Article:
Overlooked in ’08

As we head into the second half of the year, with plenty of big-name new releases; as we continue to talk about important or noteworthy new works released during the summer months; and as we get closer to that magical season of list-making, where we celebrate the very finest music of 2008… it’s good to step back for a moment and shine the light on a few great, overlooked, and underappreciated albums from the first half of the year. Don’t let these fall through the cracks.

Ray Davies– Working Man’s Cafe
Davies’ latest record was inspired by a brush with death– he was shot and severely wounded in New Orleans a few years ago– and indeed, the shadow of mortality looms over these new songs, but make no mistake: These aren’t the self-consciously morbid, spooky sensibilities of latter-day Johnny Cash, or even Bob Dylan’s Time Out of Mind. Actually, this album has more in common with Memory Almost Full, last year’s very good Paul McCartney album, as the Kinks frontman takes stock of his life and makes peace with the past amid a flurry of devilishly funny, cheerfully witty pop songs that are ablaze with passion, energy, and craft. This is the kind of album that could only be made by an aging veteran who knows his time is limited, but there’s still work to be done. Here’s my full review.

White Hinterland– Phylactery Factory
Don’t be fooled by the voice of Casey Dienel, as innocent and girlish as any you could name; beyond those whispers and coos lies a startlingly sophisticated musician, one who blurs the lines between folk, jazz, and pop on her first album as the frontwoman of White Hinterland. And it’s not just that her compositions are mature and complex– there are also some surprisingly complicated emotions in her lyrics, as Dienel deals with love and death and war with a level of darkness that stands in stark contrast to the cheery, sprightly music. Here’s my full review.

The Dodos– Visiter
Since when did indie pop become so darn exclusive? Blame it on the Pitchfork set if you want to, but, really, indie music was always supposed to be about little, everyday moments and DIY aesthetics set to the sounds of classic rock and pop– in other words, indie is supposed to be all about inclusion. The Dodos, one of the most talked-about indie groups of the year, sound like they’re on a mission to redeem indie music from the hipsters and the elitists, with this delightful batch of cheerfully melodic, energetic pop songs, played only with acoustic guitar and drums. With such a limited instrumental palette, this surely qualifies as lo-fi in some regard, but the production itself is clear and pristine, and the Dodos themselves are able to invoke a surprising array of styles– from pop and folk to worldbeat and even metal!– through the sheer sophistication of their compositions. It’s a bit too long, but it’s a wonderful and memorable album nevertheless, and a delight to listen to.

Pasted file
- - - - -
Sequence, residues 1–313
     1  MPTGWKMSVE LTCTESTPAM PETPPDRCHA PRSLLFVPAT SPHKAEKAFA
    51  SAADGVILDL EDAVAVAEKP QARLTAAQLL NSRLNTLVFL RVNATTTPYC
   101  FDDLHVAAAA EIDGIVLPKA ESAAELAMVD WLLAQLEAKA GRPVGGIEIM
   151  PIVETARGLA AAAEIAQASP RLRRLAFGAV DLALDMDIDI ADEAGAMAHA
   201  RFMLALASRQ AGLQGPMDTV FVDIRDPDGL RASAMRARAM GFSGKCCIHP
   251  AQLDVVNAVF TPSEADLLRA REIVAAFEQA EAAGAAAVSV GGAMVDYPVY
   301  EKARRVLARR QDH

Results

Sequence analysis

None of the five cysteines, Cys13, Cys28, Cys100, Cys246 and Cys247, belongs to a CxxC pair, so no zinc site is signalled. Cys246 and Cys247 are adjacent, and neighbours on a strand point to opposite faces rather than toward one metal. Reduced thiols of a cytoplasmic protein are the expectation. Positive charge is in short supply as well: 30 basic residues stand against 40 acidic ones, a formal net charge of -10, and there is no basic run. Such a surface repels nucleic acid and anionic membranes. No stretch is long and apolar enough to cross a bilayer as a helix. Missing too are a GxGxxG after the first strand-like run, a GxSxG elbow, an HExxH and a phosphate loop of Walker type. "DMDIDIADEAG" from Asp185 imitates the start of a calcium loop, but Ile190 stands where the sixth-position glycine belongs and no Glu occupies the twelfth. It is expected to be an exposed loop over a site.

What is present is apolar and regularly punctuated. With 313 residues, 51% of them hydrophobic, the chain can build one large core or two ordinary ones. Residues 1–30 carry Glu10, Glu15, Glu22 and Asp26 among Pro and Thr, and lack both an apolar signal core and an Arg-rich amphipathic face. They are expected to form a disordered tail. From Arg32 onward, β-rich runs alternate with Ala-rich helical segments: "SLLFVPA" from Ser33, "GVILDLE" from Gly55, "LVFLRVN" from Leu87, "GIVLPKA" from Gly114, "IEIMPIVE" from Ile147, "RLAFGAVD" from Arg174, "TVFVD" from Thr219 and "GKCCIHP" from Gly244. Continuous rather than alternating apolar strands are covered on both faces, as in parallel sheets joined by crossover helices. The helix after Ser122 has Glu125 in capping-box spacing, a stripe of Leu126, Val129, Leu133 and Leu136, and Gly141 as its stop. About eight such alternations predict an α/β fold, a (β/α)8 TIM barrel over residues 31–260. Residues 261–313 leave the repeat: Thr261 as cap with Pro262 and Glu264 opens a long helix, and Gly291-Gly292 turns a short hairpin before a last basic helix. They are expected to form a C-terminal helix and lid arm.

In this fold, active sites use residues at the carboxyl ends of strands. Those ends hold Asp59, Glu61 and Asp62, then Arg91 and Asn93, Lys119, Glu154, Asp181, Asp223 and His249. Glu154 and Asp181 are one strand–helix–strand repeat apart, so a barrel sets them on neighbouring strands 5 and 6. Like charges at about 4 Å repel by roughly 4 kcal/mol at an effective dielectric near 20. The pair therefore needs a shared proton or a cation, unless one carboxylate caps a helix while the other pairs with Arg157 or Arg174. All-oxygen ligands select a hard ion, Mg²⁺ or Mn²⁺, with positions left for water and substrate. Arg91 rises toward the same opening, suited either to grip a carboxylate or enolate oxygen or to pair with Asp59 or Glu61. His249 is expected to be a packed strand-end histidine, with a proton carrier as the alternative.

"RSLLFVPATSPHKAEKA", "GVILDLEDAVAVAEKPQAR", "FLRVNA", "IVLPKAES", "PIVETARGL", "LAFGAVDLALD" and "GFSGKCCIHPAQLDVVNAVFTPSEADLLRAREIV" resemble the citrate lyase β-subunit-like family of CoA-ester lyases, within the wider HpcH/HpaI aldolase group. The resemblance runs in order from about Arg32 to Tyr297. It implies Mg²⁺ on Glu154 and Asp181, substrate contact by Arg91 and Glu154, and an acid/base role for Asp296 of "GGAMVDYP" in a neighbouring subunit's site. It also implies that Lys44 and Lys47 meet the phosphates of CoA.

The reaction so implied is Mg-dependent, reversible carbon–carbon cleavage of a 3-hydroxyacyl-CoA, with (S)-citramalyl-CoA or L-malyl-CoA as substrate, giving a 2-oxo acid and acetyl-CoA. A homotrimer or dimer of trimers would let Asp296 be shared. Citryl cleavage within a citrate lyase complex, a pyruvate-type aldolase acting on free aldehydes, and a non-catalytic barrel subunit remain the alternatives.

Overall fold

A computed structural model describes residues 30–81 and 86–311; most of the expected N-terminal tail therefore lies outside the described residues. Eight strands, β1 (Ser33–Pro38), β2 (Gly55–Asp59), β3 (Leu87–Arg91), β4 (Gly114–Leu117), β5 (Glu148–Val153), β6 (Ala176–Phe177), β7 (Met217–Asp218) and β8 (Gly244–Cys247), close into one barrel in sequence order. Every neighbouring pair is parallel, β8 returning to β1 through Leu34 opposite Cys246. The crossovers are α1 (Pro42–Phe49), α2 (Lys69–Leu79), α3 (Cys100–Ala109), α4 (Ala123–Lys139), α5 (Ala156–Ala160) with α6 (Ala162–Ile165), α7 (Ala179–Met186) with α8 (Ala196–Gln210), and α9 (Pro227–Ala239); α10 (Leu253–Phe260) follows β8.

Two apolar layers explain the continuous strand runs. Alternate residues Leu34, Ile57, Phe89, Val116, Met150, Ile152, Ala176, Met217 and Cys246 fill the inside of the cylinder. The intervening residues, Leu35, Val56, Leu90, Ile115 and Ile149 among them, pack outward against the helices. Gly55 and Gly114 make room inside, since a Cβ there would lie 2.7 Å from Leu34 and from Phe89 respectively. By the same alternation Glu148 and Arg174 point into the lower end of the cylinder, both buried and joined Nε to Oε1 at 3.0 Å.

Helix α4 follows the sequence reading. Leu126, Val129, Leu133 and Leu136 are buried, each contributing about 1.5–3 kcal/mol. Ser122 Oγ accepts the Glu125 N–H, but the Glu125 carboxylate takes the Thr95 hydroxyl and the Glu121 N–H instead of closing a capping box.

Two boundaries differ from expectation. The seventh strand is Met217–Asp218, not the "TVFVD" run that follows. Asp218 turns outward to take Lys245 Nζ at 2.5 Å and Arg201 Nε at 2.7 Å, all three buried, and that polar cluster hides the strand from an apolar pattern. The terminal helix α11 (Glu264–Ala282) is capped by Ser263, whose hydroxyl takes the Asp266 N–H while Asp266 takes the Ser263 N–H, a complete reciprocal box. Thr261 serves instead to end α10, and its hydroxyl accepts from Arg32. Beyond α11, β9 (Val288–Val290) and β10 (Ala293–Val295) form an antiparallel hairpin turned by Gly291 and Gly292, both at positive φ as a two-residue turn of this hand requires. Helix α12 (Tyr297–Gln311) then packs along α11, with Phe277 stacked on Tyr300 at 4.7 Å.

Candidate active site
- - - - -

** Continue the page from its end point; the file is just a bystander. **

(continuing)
Tift Merritt– Another Country
Ms. Merritt has been “arriving” for some time now, but her latest is her first true triumph, an album that seamlessly blends her inclinations toward pop, country, rock, and soul with her emphasis on songcraft and her lyrics, which are individual and universal at the same time. This is an album that recalls the glory days of folky singer-songwriter types in the 1970s, and it’s one of the most egoless and eloquent albums of the year. Here’s my full review.

Drive-by Truckers– Brighter Than Creation’s Dark
America’s best hard rock band spreads out and digs in for an album that shows us what they’re really made of, blazing through a marathon nineteen tracks that touch on everything from acoustic country, guitar pop, and soul to blistering, beer-soaked rock and roll. It’s an astonishing feat of songwriting and performance that never lags in energy or zeal, even when they turn the amps down, and it’s a testament not just to the Truckers’ craft, but also their vision and their creativity. Here’s my full review.

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